Friends, Family Damage Scott's Defense

Friends, Family Damage Scott's Defense
Scott Peterson
POOL-Bart Ah You/ZUMA

06/09/2004 AT 08:00 AM EDT

One of the key elements in the prosecution's case against Scott Peterson – who stands accused of killing his wife, Laci, and their unborn son, Conner – is the possible murder motive that the former fertilizer salesman did not want to be a parent.

During Tuesday's testimony, three prosecution witnesses chillingly described Peterson's attitude toward becoming a father, delivering a potential blow to the defense's painstaking attempts to show that Peterson was looking forward to fatherhood.

Rose Rocha, Laci's sister-in-law and her brother Brent's wife, said she was delighted at the news that Laci was pregnant. But when she congratulated Scott Peterson, his startling response caused the courtroom to go silent.

"Are you ready for this?" she said she asked Peterson at a family party. His reply, as she testified: "I was kind of hoping for infertility."

When one of Peterson's defense attorneys, Pat Harris, cross-examined Rocha, he asked if Peterson's remark might have been "a joke."

"He was not laughing," she replied. "He was not smiling when I heard it."

Gwendolyn Temple, a close friend of Rocha's, said she talked to Peterson about his pending fatherhood on Nov. 12, 2002, about six weeks before his wife disappeared. His remarks puzzled her when she asked him if he was prepared to play football with his son.

"No, I don't play football," said Peterson. Pressed further about whether he was prepared to toss a baseball around with his son, Peterson replied, "I have friends to do that."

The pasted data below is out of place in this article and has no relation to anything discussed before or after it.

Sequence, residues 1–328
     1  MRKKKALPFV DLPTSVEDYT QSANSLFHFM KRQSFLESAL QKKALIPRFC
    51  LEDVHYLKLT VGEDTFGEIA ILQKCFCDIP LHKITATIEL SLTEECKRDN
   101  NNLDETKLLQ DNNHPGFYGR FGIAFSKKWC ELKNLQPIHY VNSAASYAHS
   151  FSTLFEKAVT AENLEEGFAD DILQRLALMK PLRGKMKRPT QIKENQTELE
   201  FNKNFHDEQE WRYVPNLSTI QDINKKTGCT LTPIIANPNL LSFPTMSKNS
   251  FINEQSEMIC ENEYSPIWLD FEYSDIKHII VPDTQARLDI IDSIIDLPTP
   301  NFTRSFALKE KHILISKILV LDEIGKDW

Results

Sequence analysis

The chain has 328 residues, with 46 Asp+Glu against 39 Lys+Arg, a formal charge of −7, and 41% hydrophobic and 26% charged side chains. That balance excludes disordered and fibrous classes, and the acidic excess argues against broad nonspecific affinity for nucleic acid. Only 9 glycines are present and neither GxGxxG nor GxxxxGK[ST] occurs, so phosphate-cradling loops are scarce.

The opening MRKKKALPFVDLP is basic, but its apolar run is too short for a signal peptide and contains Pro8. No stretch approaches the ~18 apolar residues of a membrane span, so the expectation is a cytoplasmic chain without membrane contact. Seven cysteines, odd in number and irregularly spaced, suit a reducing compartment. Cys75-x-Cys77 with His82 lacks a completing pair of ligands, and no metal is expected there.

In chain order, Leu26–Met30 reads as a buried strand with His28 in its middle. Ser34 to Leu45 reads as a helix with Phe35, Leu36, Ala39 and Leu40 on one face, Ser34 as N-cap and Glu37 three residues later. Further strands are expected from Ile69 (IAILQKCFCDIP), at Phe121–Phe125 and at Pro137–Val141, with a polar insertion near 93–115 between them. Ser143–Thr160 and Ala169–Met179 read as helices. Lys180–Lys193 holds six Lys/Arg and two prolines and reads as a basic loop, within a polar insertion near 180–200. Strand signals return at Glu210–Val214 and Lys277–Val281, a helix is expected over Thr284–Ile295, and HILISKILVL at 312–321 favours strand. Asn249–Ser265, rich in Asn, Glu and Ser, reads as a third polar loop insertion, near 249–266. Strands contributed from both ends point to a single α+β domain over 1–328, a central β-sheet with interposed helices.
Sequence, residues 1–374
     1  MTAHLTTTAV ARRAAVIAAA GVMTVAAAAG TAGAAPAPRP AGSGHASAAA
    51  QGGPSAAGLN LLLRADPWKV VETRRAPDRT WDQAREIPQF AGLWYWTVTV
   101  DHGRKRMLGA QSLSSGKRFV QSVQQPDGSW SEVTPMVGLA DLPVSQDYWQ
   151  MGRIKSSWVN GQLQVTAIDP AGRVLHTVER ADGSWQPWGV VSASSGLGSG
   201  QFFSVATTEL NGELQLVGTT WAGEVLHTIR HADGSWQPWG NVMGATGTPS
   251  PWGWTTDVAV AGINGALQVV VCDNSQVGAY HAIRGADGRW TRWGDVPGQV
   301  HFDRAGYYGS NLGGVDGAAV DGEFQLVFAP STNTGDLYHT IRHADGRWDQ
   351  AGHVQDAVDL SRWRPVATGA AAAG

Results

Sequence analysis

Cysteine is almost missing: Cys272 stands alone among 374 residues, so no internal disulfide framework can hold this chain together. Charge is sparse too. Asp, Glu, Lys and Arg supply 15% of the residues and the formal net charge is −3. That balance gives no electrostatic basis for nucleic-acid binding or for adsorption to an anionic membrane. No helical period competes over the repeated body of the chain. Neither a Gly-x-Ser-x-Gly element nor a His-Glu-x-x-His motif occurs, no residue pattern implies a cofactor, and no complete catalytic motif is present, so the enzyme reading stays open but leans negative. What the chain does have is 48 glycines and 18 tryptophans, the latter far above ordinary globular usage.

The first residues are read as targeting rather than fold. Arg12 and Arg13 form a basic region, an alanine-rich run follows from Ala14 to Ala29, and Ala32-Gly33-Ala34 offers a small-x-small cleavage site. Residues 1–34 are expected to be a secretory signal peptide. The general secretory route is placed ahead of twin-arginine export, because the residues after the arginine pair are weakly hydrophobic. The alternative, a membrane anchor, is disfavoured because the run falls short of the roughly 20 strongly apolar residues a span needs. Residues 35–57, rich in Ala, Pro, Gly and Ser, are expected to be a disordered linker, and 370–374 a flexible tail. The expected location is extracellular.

Sandy Ricard, who described herself as Sharon Rocha's best friend, raised another troubling issue for the defense when she testified that on the night Laci went missing, Peterson suddenly went up to her outside his house – while investigators, friends and neighbors were milling around the residence – and told her that he was worried that the Modesto police might find some potentially incriminating evidence on his truck.

"I would suppose that they will find blood on my truck. I am a fisherman and a hunter," she quoted Scott as saying. Ricard added: "I was perplexed why he said it."

Loyola Law professor Stan Goldman, who was present during the afternoon testimony in the Redwood City, Calif., courtroom, said Peterson's remark about "infertility," if said seriously, supports the prosecution's argument that "he really didn't want a child, which is something contrary to what the defense is saying."

Goldman said a bigger blow to the defense could be the remark to Ricard that he was worried that the police would find blood on his truck.

"The key to the case becomes why is Scott Peterson so guilty so as to worry about blood on the truck immediately after his wife disappears," he said. "It reminds me of O.J. Simpson's line during the trial against him that he was afraid to take a lie detector test because he had dreams about killing his wife. Why in the world are you worried about such things?"

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